Rep. Marsha Blackburn: A concrete step in the fight against the opioid epidemic

The opioid epidemic gripping Tennessee and our country has been destroying lives for well over a decade. We all know someone who has lost a loved one because of this scourge and the suffering that comes with it.

As a friend, mother and grandmother, my heart breaks for families who are desperate for answers. That’s why I’ve introduced the bipartisan Comprehensive Addiction & Recovery Act (CARA) 2.0, with Rep. Tim Ryan, a Democrat from Ohio. This bill would authorize $1 billion in new resources for treatment, enforcement and recovery programs to combat opioid addiction.

The first CARA was signed into law on July 22, 2016 and provided $267 million for these programs in 2017. In the intervening two years, however, the crisis has grown worse.

Recent data from the Centers for Disease Control and Prevention (CDC) tells us that the number of overdoses is increasing. Law enforcement agencies across the country have reported that fentanyl and carfentanil (which can be 100 to 10,000 times more potent than morphine) are much more prevalent.

It is clear that additional resources are needed to continue the good work begun by CARA. President Trump recently declared the opioid epidemic a public health emergency and it is time for Congress – Republicans and Democrats – to act with even greater urgency.

In addition to authorizing more funding, CARA 2.0 makes several essential policy changes.

First, consistent with a CDC recommendation, it places a three-day limit on initial prescriptions on opioids for acute pain, with exemptions included for conditions such as cancer and hospice care.

Second, it provides training to first responders on how to administer and use naloxone, which can block or reverse the effects of an opioid overdose, and on how to protect themselves from exposure to fentanyl. My bill will authorize $300 million annually for this pivotal training that will save lives in Tennessee and elsewhere.

Third, CARA 2.0 will fund the expansion of specialized courts to treat our nation’s veterans, who are so often failed by a broken Department of Veterans Affairs system.

Finally, this legislation would impose criminal and civil penalties for opioid manufacturers that don’t report suspicious orders or keep proper diversion protocols in place.

I have been working to fight the drug epidemic since my time as a Tennessee state senator in the late 1990s, when I supported forming drug courts and treatment programs. We worked to keep Tennessee families together, allowing parents to recover in an environment where they could take care of their children.

Law enforcement agencies and prosecutors were also brought to the table and we made certain that they had the necessary tools to apprehend and convict the dealers destroying our communities. Programs such as Renewal House, The Next Door and Teen Challenge are to be commended for their ongoing efforts.

My work has continued in Congress. In March 2012, I wrote a letter to Health and Human Services Secretary Kathleen Sebelius and Attorney General Eric Holder to question their approach to working with all federal agencies and their use of resources in addressing drug addiction.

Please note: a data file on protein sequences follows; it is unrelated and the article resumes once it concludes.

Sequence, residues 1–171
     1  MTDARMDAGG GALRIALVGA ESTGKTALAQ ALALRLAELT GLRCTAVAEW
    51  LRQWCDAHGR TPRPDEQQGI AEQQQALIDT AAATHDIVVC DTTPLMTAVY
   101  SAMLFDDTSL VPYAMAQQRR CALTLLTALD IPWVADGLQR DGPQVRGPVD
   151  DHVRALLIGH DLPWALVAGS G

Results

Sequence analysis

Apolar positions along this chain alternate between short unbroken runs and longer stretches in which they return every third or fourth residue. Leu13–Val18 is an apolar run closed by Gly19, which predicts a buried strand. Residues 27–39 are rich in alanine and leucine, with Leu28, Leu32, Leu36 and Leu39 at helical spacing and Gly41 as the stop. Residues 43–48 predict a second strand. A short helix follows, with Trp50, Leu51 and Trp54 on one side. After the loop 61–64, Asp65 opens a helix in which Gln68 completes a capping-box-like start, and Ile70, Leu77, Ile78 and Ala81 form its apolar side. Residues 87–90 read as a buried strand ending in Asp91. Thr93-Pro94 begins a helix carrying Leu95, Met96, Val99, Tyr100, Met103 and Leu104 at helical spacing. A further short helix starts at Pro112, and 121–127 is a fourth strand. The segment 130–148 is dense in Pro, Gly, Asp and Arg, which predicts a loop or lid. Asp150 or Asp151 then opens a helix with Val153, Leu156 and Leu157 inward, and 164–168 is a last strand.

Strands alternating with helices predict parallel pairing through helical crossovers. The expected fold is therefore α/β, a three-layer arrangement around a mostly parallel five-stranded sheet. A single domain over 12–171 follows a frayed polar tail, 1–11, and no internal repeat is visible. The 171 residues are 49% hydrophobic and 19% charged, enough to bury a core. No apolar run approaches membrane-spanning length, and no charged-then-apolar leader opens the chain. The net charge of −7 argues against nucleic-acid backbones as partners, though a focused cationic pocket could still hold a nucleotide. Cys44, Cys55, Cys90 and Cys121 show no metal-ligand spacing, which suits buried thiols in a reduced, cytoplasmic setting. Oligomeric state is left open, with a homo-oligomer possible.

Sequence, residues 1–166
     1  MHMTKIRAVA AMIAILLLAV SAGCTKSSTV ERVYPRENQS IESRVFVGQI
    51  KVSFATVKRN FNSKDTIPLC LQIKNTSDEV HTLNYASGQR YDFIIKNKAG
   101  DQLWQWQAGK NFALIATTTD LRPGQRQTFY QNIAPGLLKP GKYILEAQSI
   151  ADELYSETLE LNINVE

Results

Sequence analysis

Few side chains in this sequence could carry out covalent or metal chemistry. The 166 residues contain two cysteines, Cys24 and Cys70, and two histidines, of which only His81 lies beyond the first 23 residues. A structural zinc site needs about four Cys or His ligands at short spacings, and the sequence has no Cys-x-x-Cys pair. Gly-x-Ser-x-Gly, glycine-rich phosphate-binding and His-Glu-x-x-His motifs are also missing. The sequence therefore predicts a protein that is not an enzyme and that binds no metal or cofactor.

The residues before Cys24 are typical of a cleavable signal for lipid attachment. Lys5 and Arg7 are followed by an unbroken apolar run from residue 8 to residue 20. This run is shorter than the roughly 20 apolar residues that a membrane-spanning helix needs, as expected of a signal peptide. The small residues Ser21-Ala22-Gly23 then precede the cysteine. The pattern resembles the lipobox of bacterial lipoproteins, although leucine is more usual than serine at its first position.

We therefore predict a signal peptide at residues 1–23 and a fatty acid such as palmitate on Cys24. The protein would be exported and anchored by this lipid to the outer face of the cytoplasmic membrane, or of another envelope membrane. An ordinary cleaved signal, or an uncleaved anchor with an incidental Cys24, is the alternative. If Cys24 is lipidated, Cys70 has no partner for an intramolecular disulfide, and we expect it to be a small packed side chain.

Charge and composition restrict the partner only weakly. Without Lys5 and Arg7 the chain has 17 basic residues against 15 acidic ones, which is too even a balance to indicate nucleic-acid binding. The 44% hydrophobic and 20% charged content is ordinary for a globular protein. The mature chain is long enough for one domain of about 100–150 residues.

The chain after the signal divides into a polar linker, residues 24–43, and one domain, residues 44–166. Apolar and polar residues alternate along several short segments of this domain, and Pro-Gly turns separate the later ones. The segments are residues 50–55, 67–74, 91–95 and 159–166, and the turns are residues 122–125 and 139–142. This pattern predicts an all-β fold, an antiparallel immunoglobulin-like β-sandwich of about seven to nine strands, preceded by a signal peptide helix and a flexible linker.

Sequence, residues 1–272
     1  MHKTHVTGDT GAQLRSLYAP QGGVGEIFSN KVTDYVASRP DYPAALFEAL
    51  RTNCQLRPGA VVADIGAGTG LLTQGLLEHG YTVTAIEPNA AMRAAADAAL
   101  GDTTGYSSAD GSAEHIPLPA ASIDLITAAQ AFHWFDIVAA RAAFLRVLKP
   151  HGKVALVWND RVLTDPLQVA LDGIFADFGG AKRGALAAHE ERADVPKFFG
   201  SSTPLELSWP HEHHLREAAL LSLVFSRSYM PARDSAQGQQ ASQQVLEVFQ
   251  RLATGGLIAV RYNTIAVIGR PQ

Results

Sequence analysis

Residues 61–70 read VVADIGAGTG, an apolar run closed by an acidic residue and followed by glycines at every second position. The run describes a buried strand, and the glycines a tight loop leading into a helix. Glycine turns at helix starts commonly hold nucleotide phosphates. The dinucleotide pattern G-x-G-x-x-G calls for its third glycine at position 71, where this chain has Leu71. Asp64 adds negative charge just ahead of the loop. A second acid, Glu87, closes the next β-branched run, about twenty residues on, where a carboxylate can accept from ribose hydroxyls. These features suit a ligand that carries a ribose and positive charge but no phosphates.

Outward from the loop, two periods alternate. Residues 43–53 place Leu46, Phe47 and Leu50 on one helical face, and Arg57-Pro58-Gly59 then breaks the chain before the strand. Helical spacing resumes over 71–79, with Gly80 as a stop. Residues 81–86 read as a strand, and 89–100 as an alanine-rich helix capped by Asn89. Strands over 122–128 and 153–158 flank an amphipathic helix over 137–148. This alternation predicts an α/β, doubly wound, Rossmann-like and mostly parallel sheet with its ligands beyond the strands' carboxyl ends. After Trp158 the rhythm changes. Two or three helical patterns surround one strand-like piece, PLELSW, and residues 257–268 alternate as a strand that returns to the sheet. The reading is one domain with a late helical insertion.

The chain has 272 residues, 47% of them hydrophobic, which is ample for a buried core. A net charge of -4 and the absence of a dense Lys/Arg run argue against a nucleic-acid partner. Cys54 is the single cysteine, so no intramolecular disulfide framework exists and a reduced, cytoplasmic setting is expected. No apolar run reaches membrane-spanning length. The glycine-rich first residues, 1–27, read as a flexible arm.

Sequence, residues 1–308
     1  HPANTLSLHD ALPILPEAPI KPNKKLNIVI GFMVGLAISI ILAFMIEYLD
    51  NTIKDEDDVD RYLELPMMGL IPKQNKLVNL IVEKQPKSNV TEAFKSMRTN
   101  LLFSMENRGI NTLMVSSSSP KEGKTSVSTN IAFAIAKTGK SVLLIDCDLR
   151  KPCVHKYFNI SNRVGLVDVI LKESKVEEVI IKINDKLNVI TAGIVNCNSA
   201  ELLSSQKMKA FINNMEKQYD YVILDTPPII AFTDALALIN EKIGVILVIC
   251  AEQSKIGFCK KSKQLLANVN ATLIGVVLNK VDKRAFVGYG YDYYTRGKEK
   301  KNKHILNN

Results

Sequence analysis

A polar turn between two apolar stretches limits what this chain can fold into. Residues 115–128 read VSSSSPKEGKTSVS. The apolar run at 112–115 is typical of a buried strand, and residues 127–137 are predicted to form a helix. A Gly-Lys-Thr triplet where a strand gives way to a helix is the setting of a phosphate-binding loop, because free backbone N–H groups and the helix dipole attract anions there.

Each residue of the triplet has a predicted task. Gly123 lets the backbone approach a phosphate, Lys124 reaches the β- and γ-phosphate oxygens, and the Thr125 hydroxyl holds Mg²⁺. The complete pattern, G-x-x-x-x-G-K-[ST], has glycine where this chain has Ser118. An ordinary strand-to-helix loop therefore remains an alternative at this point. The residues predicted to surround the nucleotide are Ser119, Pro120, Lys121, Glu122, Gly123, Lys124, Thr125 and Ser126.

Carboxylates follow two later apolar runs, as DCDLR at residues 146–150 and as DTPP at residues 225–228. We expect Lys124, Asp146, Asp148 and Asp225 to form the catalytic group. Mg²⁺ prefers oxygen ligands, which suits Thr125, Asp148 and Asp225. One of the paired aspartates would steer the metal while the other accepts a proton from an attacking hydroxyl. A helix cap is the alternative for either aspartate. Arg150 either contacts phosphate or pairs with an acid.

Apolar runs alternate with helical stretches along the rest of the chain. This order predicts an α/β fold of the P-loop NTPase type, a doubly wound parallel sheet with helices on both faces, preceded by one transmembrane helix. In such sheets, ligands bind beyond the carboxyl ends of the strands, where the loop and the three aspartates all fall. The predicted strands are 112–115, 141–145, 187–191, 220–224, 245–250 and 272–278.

I expressed my outrage to both Cabinet members, noting that 30,000 Americans were dying each year because of prescription drug abuse. Moreover, the Energy and Commerce Committee, of which I am a long-standing member, has worked extensively on this issue.

Our committee’s work resulted in the bipartisan passage of the original CARA and of the 21st Century Cures Act in 2016, which provided billions of dollars to fight opioid addiction. The committee works tirelessly on the opioid crisis and will soon be passing legislation.

Recently, I both fought for and voted for $6 billion of new funding to combat the opioid epidemic through prevention programs and law enforcement services as part of the budget agreement President Trump signed into law in February.

I then met with Kellyanne Conway, counselor to the president, at the White House to discuss her work leading the administration’s efforts on opioids and we examined how this new funding would help interdiction and recovery efforts.

We didn’t arrive here overnight and we won’t get out of this epidemic overnight either.  However, CARA 2.0 would be a giant bipartisan step forward in eradicating the scourge of opioid abuse from Tennessee communities.

I’m humbled to once again be working on a bipartisan basis with my colleagues in the House and Senate. The time is now and with President Trump’s leadership there is much we can do to end substance abuse and restore hope to families and communities across the country.

Republican Congressman Marsha Blackburn is a member of the U.S. House of Representatives serving the Seventh Congressional District of Tennessee. She serves as vice chair of the House Energy and Commerce Committee and Chair of the Select Investigative Panel on Infant  Lives. She was named the 2016 “Woman of the Year” by the Clare Boothe Luce Policy Institute.